My salad dressing days


How to get on in society
August 30, 2005, 9:14 pm
Filed under: Uncategorized

Phone for the fish-knives, Norman,
As Cook is a little unnerved;
You kiddies have crumpled the serviettes
And I must have things daintily served.

Are the requisites all in the toilet?
The frills round the cutlets can wait
Till the girl has replenished the cruets
And switched on the logs in the grate.

It’s ever so close in the lounge, dear,
But the vestibule’s comfy for tea,
And Howard is out riding on horseback,
So do come and take some with me.

Now here is a fork for your pastries,
And do use the couch for your feet;
I know what I wanted to ask you —
Is trifle suffient for sweet?

Milk and then just as it comes, dear?
I’m afraid the preserve’s full of stones;
Beg pardon I’m soiling the doileys
With afternoon tea-cakes and scones.

by John Betjeman [1906 – 1984]

JB loved to mock the aspirant, some might say ‘nouveau riche’, middle classes*. If you liked this one, you might also enjoy ‘Hunter Trials’.

* note that being middle class is practically a term of abuse in the UK

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10 Comments so far
Leave a comment

lol I love that poem! My father got rid of the fish knives on the strength of it!

Comment by Jane

UC, your line at the end has me baffled. What are the correct terms to use in the UK?
Not still commoners and gentry is it? I’m way out of touch-enlighten me?
Laura

Comment by Kyahgirl

Most of New Zealand is middle class-ish so it doesn’t have that sort of stigma attached to it.

Comment by Make Tea Not War

I really enjoyed that poem, though I’m obviously missing some of its intent–but that’s okay, that’s normal, for me:)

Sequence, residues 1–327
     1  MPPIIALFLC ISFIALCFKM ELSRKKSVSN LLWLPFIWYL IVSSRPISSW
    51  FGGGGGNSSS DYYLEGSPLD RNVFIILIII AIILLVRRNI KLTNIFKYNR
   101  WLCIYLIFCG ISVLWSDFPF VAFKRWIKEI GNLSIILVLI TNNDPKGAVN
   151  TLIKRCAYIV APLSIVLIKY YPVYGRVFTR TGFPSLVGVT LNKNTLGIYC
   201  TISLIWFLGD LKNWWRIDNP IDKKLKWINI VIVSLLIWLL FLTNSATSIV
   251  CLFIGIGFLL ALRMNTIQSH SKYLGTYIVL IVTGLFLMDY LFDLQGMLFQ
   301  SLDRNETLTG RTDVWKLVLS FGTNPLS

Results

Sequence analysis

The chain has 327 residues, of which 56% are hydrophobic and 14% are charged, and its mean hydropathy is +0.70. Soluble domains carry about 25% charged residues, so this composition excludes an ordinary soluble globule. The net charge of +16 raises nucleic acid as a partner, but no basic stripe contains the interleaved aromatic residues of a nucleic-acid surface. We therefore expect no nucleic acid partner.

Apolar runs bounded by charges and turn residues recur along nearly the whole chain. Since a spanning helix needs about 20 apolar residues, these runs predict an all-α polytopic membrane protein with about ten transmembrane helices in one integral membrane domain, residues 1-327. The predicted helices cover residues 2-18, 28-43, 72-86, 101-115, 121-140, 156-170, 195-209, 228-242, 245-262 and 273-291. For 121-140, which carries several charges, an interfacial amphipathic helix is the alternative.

Comment by actonbell

Oh, I LOVE that poem! Nancy Mitford would have had a field day.

Comment by Hannah

These are great!

Comment by Meegan

I should have been born in England. I have always had a fascination with the Brittish. My Undergrad major was Brittish literature. Too bad that as a teacher, I can’t possibly afford to actually GO to England.

Comment by United We Lay

L, I think what UC meant about a term of abuse is that BEING middle class is itself viewed as a very bad thing. British society has now moved to a place where there are still a few upper class people and there is an underclass and everyone else is frankly differing degrees of middle class. This makes those who come from what would have been called working class roots in the old days feel like they have sold out. So even though they enjoy a middle class life, vote for Blair and do and buy things that their grandparents would never have dreamed of, actually admitting it is quite out of the question and being accused of it is an insult. That way you can just carry on, maintain pride in your roots and ignore the extreme poverty in the UK right at the bottom end of the scale. Personally, I’m downwardly mobile upper middle, in case anyone cares.

Comment by GreatSheElephant

thank you great she elephant!

i had been intending to post a response to laura’s query but kept chickening out, knowing i am not best placed to explain the underlying sociology etc.

people imagine that being ‘working class’ is more authentic

the people who JB is mocking are the same butt of the joke in nancy mitford’s ‘noblesse oblige’

HTH!
UC

Comment by Urban Chick

Thank you GreatSheElephant and UC. What an interesting muddle of loyalties and history. I asked my British colleague about classes at lunchtime and she said she’s happy to live her because its not an issue. She said its still quite apparent in England, even so far as subtly thinking of us people here as ‘living in the colonies’ still. We’re not quite so refined I guess. Rrowr!

Have a lovey weekend!

Comment by Kyahgirl




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